Are your decorative holiday plants toxic?

Hanging a holly wreath on the front door to welcome guests…

Smelling the fresh evergreen scent as you walk by the tree…

Stealing a kiss underneath the mistletoe…

What do all these holiday images have in common? Poison. Yes, poison. Some or all parts of these plants are toxic to people, pets, or both. Many are also choking hazards.


Who doesn’t love the festive look of holly with its distinctively shaped glossy, dark green leaves and bright red berries? Me, actually – those leaves are sharp!

Far more importantly, the berries of the holly (ilex spp.) bush are genuinely toxic. Consumption of one or two is unlikely to have any effect, but any more than that can cause nausea, vomiting, severe abdominal cramping, and diarrhea. According to the downloadable holiday plant information brochure on the Central New York Poison Control Center’s website, eating 20 or so berries can be lethal.

Live Christmas Trees/Pines/Evergreens

Parts of some coniferous trees may be toxic if eaten in large amounts. Consumption of smaller amounts can cause gastrointestinal irritation and the needles can be a choking hazard. Evergreen sap can also cause skin irritation. While pine cones are not toxic, they’re not edible, either.

Live trees that are allowed to dry out are a fire hazard. Be sure to keep your tree well-watered and away from candles, fireplaces, radiators, space heaters, or other heat-producers, like halogen lamps. Make sure, too, that the reservoir for the tree is covered so that pets cannot attempt to drink from it. Chemicals used to treat the tree and the tree’s sap can mingle with the water in the stand, making it poisonous.


Frequently referred to as the “kiss of death”, mistletoe is generally extremely toxic, particularly the berries.

I say generally because the deeper I dug the more contradicting information I found. The US Forest Service’s mistletoe web page indicates that mistletoe is only toxic in large quantities (i.e. larger than likely to be eaten by a person). Another site indicated that while it was unwise, an adult could conceivably safely ingest the berries but that they should still be kept from children and pets.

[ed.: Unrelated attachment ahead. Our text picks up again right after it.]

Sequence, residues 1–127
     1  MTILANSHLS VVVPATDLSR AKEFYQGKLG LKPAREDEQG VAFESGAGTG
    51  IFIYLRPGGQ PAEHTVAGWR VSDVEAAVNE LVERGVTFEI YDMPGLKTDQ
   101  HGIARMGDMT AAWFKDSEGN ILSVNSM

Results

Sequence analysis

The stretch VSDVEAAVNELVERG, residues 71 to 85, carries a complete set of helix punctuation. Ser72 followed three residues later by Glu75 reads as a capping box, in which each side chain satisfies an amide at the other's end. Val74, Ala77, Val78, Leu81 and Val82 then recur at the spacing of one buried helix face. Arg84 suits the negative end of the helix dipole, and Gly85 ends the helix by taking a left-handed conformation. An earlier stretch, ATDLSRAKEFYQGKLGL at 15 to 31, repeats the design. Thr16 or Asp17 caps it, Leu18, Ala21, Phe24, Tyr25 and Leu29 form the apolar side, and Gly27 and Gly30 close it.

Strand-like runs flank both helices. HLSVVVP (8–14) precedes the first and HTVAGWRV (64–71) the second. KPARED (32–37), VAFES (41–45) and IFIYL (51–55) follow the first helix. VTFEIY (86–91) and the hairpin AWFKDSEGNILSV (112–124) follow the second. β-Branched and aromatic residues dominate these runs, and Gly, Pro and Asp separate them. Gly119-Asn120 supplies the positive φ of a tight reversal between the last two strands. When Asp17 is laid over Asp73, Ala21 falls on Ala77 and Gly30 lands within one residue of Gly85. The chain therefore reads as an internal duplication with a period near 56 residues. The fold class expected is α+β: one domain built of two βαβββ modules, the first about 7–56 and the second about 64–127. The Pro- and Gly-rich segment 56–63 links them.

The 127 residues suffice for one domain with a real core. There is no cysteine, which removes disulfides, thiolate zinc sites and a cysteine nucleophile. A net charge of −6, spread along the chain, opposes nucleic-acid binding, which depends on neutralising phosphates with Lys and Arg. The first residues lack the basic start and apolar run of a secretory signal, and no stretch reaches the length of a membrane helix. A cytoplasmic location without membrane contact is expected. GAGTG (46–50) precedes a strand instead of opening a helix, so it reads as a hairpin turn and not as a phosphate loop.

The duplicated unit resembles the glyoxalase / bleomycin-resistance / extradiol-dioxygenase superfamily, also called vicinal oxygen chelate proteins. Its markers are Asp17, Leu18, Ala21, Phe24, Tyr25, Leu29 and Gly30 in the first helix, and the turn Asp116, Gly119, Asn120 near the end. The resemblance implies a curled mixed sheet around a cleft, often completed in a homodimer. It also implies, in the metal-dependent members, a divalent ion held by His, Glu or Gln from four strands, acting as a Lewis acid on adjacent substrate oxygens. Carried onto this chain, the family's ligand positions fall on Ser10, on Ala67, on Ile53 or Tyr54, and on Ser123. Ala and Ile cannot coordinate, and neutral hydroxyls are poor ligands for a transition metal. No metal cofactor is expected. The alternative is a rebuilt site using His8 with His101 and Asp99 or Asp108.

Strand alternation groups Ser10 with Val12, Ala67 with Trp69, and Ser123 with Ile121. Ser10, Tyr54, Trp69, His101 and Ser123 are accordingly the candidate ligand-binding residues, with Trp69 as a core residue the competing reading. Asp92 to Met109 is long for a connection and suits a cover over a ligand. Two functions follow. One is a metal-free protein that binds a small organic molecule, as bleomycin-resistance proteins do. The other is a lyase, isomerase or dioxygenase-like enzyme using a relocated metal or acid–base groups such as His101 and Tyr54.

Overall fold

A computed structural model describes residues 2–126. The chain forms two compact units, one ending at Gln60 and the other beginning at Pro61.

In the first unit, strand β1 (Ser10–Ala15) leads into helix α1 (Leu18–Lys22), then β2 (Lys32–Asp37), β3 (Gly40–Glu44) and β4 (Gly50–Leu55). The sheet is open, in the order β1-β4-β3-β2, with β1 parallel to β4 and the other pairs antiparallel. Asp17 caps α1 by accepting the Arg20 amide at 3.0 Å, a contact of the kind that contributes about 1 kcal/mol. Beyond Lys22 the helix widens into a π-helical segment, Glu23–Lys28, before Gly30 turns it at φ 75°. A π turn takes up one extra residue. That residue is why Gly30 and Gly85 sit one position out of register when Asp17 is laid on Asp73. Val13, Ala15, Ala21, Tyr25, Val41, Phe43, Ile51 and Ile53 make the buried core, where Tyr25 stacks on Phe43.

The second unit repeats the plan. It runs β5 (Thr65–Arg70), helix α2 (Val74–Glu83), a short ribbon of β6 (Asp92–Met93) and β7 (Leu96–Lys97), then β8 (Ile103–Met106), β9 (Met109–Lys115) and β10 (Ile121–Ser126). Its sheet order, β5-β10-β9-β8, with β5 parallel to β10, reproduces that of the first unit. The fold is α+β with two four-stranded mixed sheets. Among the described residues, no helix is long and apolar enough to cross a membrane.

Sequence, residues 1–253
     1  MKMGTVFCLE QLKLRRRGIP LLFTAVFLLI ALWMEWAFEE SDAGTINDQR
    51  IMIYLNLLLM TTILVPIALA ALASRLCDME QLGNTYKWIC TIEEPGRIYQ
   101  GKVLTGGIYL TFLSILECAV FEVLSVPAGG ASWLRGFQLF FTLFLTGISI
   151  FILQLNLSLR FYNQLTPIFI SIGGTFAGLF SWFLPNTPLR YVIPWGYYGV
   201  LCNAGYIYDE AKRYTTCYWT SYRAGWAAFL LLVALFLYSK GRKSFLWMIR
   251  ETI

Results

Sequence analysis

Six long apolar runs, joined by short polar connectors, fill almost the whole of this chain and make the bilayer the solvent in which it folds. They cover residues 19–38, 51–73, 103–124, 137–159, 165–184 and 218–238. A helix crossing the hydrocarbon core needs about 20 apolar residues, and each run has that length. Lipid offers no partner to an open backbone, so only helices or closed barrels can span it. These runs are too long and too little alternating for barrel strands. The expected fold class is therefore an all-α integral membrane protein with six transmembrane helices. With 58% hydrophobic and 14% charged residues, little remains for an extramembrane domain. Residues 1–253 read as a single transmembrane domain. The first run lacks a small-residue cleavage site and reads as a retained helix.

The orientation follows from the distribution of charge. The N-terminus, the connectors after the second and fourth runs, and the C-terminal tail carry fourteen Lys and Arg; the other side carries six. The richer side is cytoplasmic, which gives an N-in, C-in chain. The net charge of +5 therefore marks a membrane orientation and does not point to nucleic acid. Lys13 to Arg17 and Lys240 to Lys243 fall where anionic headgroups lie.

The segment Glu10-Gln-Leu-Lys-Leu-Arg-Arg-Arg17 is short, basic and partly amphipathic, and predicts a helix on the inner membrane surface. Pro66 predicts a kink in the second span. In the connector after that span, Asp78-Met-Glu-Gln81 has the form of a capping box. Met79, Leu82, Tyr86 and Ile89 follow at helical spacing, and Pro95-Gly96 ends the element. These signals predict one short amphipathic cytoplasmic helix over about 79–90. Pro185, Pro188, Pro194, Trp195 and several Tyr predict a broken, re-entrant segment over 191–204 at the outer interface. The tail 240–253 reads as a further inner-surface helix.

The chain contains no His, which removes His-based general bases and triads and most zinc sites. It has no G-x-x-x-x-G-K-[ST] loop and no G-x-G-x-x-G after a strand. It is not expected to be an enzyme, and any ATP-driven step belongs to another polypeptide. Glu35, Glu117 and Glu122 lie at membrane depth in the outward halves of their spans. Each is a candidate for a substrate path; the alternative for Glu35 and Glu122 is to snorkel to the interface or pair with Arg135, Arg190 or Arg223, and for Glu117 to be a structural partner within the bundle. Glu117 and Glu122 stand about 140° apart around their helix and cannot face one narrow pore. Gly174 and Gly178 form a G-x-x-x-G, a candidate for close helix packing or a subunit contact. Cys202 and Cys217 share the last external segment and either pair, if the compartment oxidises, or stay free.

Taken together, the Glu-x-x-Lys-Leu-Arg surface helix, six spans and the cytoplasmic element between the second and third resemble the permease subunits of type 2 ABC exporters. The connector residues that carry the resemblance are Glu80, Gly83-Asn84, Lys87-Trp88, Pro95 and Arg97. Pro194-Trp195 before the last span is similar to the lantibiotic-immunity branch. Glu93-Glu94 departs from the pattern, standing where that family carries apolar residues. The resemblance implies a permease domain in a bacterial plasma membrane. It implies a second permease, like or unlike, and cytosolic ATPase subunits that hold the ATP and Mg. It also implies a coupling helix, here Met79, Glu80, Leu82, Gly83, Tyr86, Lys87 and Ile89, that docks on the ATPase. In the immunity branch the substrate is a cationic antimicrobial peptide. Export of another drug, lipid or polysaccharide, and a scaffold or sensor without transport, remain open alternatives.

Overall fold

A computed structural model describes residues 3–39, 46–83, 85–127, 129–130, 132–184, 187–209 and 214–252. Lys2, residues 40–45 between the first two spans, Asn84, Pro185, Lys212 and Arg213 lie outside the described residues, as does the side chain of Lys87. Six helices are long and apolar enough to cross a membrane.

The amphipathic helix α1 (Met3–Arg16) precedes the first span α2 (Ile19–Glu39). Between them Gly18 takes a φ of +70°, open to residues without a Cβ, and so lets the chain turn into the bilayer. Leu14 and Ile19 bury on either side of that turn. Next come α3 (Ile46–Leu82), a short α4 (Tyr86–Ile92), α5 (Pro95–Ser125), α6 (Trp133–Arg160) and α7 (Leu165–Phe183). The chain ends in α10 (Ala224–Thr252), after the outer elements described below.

For the final word, contact a source you trust, whether it is your pediatrician or the local poison control center.


Are not toxic. See my blog entry about poinsettias for more details.

If you have a question about any plant used in your décor, or think a child or pet may have consumed a dangerous plant, contact poison control immediately and do nothing until you have done so! Drinking liquids or emetic-induced vomiting can actually worsen the symptoms of some toxins so the best bet is to do nothing until you talk to a professional. This applies to both people and animals.

For pet-related poisoning, try the ASPCA Animal Poison Control Center at (888) 426-4435. They are available 24 hours a day, 365 days a year. Be warned, however, that they may assess a $50 consultation fee to your credit card.

For potential human poison issues, call Universal Poison Control at (800) 222-1222. This is an integrated national number (for U.S. residents) that connects you to your local poison control center based on the number you are calling from. Operators through the universal number can also handle animal/pet calls.

Have a safe & happy holiday season!